Dr. Dinh Huu Phi
National Office of Intellectual Property of Vietnam
Ministry of Science and Technology
Against the backdrop of rapid development of science and technology, intellectual property (IP) has become one of powerful tools for countries to raise the competitiveness of their businesses and national economies. As for Vietnam, it is a must to increase the effectiveness of IP activities to seize opportunities and overcome challenges facing the country in the course of national development and international integration.
Vietnam’s IP system and IP activities
Until now, intellectual property rights (IPRs) of organizations and individuals have been recognized and protected under international law and the laws of almost all countries in the world. This helps encourage activities of creating and disseminating scientific and technological advances as well as cultural and art works to serve socio-economic development and improve the quality of life. IP has actually played the key role of a driving force for accelerating innovative and creative activities, thus developing national intellectual assets both quantitatively and qualitatively, contributing to raising creative capacity, and building a sound competitive environment.
In Vietnam today, at the central level, the IP system is constituted of three specialized sectors managed by three authorities. The Ministry of Science and Technology, with the National Office of Intellectual Property of Vietnam (IP Vietnam) acting as the focal point, takes charge of industrial property as well as general IP-related issues. The Ministry of Culture, Sports and Tourism, via the Copyright Office of Vietnam (COV), performs the state management of copyright and related rights. Meanwhile, the Ministry of Agriculture and Rural Development, with a focal point being the Plant Variety Protection Office under the Department of Crop Production, is responsible for protection of plant variety rights. At the local level, provincial-level People’s Committees perform the state management of IP through specialized agencies being departments of science and technology; culture, sports and tourism; and agriculture and rural development.
At the time when Vietnam applied for accession to the World Trade Organization (WTO), the country’s IPRs protection system was operating mainly based on sub-law documents, including the 1989 Ordinance on Protection of Industrial Property Rights and the 1994 Ordinance on Protection of Copyright. In order to meet the requirements for legal completeness and effectiveness under the WTO Agreement on Trade-Related Aspects of Intellectual Property Rights (the TRIPS Agreement) and other bilateral and multilateral agreements on IP to which the country had acceded, in 2005, Vietnam adopted the Law on Intellectual Property, integrating all IP regulations into a single specialized law/text/instrument. Thanks to the promulgation of the Law and guiding texts, including 17 governmental decrees and 19 ministerial and inter-ministerial circulars, the Vietnam’s legal system on IP has not only reached the standards set in acceded treaties but also got closer to the IP systems of advanced countries in the world.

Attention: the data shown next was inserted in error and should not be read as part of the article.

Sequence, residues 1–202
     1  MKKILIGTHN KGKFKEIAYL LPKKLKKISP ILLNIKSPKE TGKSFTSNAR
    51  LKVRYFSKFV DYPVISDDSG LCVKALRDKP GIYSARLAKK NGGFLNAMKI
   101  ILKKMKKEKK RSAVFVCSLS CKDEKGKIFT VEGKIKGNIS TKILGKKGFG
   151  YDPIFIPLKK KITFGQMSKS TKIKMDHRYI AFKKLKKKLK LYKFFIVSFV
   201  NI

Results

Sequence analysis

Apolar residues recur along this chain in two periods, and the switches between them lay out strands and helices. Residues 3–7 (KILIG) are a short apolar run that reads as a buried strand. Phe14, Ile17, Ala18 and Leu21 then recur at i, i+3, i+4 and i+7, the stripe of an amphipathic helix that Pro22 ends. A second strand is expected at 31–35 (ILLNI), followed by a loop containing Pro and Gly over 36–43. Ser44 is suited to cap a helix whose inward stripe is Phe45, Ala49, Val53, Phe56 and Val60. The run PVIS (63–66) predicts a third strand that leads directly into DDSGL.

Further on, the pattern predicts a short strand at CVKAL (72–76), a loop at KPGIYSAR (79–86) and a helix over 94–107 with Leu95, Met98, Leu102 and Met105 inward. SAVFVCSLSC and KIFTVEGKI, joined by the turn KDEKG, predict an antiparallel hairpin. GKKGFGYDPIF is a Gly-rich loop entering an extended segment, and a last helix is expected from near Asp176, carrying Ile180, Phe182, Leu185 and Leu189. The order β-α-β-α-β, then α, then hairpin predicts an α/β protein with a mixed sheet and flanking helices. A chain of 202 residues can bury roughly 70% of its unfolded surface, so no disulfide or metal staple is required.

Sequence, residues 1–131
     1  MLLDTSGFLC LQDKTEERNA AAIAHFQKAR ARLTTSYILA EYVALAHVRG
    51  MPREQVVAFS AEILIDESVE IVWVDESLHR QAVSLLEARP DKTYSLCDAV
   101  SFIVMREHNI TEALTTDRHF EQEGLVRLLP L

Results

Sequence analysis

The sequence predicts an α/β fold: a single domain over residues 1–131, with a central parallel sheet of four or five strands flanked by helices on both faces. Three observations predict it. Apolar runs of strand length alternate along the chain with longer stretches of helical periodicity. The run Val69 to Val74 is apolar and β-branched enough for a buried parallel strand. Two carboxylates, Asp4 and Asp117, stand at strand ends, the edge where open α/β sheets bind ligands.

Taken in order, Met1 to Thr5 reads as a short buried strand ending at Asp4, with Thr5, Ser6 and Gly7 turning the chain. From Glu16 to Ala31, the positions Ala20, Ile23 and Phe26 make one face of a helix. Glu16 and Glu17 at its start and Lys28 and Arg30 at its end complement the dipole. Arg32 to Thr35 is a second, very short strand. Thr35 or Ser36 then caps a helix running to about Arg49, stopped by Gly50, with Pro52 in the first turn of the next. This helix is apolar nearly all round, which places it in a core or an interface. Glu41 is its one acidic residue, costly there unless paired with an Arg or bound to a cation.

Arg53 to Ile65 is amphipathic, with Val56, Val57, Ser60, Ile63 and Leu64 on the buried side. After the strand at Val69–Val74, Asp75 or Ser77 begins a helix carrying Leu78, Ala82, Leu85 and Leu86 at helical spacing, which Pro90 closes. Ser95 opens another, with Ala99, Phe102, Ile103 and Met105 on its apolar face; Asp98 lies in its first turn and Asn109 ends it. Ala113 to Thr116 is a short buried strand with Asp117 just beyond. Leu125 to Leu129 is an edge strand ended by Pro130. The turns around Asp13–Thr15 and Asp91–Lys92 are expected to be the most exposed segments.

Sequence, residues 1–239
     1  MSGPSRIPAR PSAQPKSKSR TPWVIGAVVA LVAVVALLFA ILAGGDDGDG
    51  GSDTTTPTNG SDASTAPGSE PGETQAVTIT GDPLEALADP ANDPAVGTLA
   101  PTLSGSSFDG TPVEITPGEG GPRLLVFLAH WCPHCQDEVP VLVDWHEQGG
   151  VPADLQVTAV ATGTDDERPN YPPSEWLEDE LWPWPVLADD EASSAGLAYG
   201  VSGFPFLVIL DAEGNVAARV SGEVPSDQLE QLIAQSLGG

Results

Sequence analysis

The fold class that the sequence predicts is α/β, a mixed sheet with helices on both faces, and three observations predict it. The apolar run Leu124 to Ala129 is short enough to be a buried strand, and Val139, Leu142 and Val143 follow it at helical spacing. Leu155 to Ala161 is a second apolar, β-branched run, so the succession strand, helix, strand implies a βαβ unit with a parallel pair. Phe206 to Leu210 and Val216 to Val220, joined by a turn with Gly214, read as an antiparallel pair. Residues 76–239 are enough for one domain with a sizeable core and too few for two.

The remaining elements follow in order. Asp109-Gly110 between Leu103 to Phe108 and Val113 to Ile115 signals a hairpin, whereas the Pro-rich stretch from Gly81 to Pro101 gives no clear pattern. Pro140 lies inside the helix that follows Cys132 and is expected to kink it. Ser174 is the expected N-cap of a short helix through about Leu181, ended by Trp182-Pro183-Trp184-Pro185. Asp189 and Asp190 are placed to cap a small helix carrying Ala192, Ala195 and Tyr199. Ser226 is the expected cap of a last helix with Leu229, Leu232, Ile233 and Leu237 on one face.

So far, Vietnam has become a member of several treaties being the core of the international IP system such as the Paris Convention for the Protection of Industrial Property, the Berne Convention for the Protection of Literary and Artistic Works, the Rome Convention for the Protection of Performers, Producers of Phonograms and Broadcasting Organizations, the International Convention for the Protection of New Varieties of Plants, and the Stockholm Convention for Establishing the World Intellectual Property Organization. The country has also joined a number of treaties on facilitation of the international registration of IPRs like the Patent Cooperation Treaty and the Madrid Agreement and the Protocol for the International Registration of Marks and is now on the road to accession to the Hague System for the International Registration of Industrial Designs.
|Farmers in Ben Tre province collect green pomelos, a local specialty with protected status, for export__Photo: Huynh Phuc Hau/VNA|
The first milestone in Vietnam’s international cooperation in the IP field was the signing of the ASEAN Framework Agreement on Intellectual Property Cooperation in 1995. After that, in parallel with WTO accession negotiations, Vietnam proceeded with establishing cooperation in the field of IP with other countries in the world, signing bilateral agreements with Switzerland in 1999, the US in 2000, and Japan and Russia in 2008, as well as a series of agreements on cooperation in science and technology with IP provisions. Since then, along with the trend of global economic integration, IP has gradually become an important and integral part of new-generation free trade agreements. In order to keep up with the situation, Vietnam has tried to play a proactive and positive role in negotiations for several new-generation free trade agreements, of which two agreements, signed with the Eurasian Economic Union and the Republic of Korea, have come into force while the remaining four are awaiting ratification or under negotiation.